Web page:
Mayor, alderman expected to OK raises on Friday

Published 12:00 am Thursday, August 8, 2002

[08/08/02]After a meeting Wednesday, it appears Mayor Laurence Leyens will be getting a $13,468 raise via a board vote expected Friday.

The increased amount essentially splits the difference between proposal South Ward Alderman Sid Beauman made Monday and Leyens’ statement on Tuesday that he should be paid at least $80,000.

The three elected officials, authorized in the Vicksburg’s charter to set their own pay, met with the city attorney, strategic planner and head of human resources Wednesday and instructed the city attorney to draw up an amendment to the city ordinance.

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If approved as expected in the next board meeting, it will set Leyens’ salary at $70,000 and the two aldermen’s up by $10,500 each to $56,000.

The increases are the largest in the city’s history.

“I still think it’s too low, but I’m going to support whatever you want,” Leyens told the aldermen.

Beauman had proposed increasing all three salaries by $10,500, which would have taken the mayor’s to $67,032.

Instead, at $70,000, Leyens will be the fourth highest-paid mayor in the state behind Jackson, Biloxi and Hattiesburg. The salary is equal to what the mayor of Southaven is paid.

Although City Hall has had fewer phone calls about the proposed pay increases than were expected, not everyone agrees with the mayor and aldermen voting raises for themselves.

“No one in public office should be able to vote himself a pay raise,” said Bill Smollen, owner of a local tour home. “They should only be able to raise the salary for the next administration.” That was the case in Jackson where council members voted early last year to increase the mayor’s pay from $60,000 per year to $120,000 per year but made it effective after municipal elections.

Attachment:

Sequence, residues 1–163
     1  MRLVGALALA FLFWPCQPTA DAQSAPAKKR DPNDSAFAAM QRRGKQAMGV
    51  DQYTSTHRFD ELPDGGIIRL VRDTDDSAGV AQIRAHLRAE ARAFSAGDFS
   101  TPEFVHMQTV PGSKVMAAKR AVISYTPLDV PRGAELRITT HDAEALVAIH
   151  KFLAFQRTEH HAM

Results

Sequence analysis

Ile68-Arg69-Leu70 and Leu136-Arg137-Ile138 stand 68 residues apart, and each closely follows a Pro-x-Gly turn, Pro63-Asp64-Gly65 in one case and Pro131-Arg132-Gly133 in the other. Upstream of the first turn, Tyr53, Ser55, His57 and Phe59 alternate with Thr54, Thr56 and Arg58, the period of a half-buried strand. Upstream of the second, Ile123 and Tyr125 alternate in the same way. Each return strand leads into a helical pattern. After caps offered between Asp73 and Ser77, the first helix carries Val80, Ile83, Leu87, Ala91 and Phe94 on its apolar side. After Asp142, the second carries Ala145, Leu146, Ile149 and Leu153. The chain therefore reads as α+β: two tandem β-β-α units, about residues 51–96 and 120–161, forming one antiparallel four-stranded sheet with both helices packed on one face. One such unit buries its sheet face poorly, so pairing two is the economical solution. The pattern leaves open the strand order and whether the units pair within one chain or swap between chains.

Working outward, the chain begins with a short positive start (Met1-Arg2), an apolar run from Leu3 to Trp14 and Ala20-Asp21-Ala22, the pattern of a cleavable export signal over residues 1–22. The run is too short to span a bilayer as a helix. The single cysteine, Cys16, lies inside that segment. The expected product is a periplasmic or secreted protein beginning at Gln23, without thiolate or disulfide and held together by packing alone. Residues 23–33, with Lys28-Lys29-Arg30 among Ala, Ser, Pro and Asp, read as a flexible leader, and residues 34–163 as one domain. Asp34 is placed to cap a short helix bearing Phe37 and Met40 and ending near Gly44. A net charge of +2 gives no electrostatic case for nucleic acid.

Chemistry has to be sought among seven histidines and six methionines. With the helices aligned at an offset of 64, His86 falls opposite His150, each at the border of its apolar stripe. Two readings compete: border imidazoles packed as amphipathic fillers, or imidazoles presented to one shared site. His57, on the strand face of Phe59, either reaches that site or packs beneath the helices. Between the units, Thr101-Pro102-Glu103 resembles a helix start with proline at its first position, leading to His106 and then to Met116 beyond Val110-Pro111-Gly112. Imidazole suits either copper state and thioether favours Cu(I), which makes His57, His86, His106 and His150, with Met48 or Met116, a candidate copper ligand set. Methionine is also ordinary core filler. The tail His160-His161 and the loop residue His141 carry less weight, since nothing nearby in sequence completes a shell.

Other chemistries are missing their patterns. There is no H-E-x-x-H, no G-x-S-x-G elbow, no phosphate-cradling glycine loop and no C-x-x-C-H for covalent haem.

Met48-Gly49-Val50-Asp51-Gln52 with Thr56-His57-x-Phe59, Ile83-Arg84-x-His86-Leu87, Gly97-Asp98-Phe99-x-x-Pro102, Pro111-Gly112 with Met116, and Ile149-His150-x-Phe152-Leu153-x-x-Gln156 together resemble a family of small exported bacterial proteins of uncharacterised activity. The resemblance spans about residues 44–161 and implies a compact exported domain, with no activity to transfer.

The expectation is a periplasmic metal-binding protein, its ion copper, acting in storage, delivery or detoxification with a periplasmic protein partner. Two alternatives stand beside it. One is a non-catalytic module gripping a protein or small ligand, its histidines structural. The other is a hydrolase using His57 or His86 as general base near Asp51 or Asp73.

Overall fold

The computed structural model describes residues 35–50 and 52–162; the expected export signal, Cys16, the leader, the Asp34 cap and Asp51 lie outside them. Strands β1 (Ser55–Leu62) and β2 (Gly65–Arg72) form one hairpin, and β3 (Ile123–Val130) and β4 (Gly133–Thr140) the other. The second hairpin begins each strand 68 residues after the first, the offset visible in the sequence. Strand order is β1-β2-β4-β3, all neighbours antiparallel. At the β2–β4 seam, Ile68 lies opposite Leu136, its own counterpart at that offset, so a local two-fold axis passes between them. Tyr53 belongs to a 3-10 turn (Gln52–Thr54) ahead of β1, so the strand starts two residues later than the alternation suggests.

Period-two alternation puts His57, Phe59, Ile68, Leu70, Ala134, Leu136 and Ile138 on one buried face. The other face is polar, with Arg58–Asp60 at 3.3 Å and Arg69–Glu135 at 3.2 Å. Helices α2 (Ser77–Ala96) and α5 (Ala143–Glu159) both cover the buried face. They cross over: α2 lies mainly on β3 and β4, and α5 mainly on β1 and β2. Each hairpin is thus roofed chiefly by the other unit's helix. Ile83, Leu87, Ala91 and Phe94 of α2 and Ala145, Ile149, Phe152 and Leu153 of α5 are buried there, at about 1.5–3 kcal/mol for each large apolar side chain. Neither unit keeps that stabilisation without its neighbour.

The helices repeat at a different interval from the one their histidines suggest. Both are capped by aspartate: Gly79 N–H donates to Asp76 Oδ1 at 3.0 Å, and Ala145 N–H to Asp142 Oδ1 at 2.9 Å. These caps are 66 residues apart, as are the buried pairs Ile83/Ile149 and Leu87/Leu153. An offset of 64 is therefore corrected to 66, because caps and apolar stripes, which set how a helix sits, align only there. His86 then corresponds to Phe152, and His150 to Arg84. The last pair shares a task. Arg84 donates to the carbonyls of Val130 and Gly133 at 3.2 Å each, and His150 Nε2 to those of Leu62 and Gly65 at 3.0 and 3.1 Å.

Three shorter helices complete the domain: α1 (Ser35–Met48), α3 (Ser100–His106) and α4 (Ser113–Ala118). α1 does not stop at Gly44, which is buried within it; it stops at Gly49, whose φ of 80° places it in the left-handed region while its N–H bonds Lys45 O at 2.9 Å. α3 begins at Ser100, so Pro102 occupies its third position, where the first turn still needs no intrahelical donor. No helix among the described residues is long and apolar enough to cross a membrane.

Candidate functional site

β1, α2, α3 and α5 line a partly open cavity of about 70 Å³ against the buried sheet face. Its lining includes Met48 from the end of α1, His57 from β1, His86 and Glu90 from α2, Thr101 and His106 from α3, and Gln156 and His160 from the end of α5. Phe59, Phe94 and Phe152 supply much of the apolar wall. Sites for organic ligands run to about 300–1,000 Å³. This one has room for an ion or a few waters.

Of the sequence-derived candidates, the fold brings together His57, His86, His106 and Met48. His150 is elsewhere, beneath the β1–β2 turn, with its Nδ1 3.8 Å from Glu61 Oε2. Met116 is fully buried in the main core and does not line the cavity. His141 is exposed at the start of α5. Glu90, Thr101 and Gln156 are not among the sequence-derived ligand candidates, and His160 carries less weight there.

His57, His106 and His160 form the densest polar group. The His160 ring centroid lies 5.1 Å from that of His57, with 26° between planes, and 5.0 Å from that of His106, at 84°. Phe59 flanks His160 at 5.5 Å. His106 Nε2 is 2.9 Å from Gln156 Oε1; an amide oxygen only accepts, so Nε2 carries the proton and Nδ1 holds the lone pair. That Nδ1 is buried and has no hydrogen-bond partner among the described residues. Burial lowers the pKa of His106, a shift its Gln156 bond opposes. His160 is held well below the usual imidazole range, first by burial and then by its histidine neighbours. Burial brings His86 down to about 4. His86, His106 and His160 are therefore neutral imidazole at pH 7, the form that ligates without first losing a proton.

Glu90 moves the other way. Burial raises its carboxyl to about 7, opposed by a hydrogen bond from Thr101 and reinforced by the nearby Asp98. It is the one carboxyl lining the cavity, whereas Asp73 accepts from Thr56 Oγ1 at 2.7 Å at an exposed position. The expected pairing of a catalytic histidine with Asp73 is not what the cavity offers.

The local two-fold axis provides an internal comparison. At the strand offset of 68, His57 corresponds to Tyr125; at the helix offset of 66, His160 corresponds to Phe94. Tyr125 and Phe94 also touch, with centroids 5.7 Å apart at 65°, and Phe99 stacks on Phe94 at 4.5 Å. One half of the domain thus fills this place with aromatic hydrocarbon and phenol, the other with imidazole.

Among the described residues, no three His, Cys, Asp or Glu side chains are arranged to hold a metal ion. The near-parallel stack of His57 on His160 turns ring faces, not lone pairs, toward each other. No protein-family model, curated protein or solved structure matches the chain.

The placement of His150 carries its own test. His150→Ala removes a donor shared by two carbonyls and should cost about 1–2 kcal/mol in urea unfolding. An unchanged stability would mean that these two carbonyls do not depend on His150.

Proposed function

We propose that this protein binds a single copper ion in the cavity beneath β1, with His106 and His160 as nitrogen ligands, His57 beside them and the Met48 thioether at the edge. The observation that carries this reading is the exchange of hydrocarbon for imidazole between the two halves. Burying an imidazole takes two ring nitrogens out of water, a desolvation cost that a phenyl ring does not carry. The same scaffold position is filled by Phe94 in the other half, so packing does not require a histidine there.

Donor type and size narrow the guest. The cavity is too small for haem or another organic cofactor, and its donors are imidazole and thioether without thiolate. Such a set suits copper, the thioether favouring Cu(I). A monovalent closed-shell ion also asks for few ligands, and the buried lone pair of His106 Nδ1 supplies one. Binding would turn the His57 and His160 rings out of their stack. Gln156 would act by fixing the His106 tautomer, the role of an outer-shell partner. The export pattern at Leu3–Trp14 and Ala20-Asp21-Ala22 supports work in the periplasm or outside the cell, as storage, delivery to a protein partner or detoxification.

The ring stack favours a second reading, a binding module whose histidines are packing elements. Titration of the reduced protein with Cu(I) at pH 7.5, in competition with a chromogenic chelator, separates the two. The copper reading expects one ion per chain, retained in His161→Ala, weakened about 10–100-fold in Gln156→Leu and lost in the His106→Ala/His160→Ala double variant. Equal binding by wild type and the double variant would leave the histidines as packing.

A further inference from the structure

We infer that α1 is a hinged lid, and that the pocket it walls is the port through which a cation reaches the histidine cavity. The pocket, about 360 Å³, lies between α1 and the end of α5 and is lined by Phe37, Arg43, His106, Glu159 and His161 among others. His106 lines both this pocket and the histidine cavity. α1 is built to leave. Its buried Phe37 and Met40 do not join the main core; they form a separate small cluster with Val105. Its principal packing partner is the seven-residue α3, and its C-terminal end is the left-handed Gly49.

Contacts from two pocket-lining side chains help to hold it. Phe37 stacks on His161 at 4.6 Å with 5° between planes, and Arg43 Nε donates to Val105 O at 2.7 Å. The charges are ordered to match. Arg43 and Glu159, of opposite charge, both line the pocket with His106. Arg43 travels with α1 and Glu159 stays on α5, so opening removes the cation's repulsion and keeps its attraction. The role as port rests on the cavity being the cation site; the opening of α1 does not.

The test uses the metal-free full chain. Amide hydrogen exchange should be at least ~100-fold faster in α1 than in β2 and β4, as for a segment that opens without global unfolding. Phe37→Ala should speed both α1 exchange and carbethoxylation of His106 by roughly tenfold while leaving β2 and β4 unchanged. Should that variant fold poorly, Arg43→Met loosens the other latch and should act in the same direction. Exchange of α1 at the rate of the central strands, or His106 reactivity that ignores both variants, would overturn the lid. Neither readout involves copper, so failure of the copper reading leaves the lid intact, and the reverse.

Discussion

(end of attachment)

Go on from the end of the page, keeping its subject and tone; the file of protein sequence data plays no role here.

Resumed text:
But, Beauman, serving his first term in an elected post, said he disagrees with that approach.

“I don’t think you should vote the next board a raise because you don’t know what they are capable of,” he said.

City resident Gregg Phillips said he also objects to the amount proposed by the mayor and aldermen.

“I have no idea why Vicksburg would tolerate an elected official giving himself a 24 percent raise,” Phillips said. “The average wage increase nationally is a fraction of this number.”

North Ward Alderman Gertrude Young, who has spent more time on the city board than either of her counterparts, had proposed increasing their pay over the next three years of their administration.

“I’m uncomfortable about doing it all at one time,” Young said.

Beauman said his suggestions were based on salaries from cities around the state and the Vicksburg Warren School District. A study of regional cities with similar populations indicated an average mayor’s salary of $62,250.

The proposed pay for the aldermen was set at 20 percent less than the mayor’s.

Leyens also suggested tying the salaries to sales tax collections within the municipal limits. According to the Mississippi Tax Commission, sales tax collection in Vicksburg is up slightly from the last fiscal year.

As of June, $36.2 million in sales tax was collected in the city since July 1, 2001. Leyens has said his pay should be similar to the mayor of Southaven where tax collection for that same period was $36.8 million.

Since taking office in 2001, the administration has put in place new pay schedules for police and fire personnel as well as enacting tiered tables for all other city employees. The compensation levels are at or near the highest in the state and, although down from last year, at about 500 people on payrolls, Vicksburg has more employees per capita than most American cities.

“We did something that was rational and that’s what we did for the employees and we should be paid appropriately, too,” Leyens said.

City officials are also suggesting an automatic 2 percent raise for the mayor and aldermen. That would mean another increase in July 2003.

Beginning with the next administration, which takes office in 2005, the mayor and aldermen’s salaries would increase the second and third year of their terms. Their salaries would be capped by the city ordinance at $85,000 for the mayor and $74,000 for the aldermen.

“If things should change, the casinos left or something, then the mayor and aldermen should be willing to cut their salaries,” Beauman said.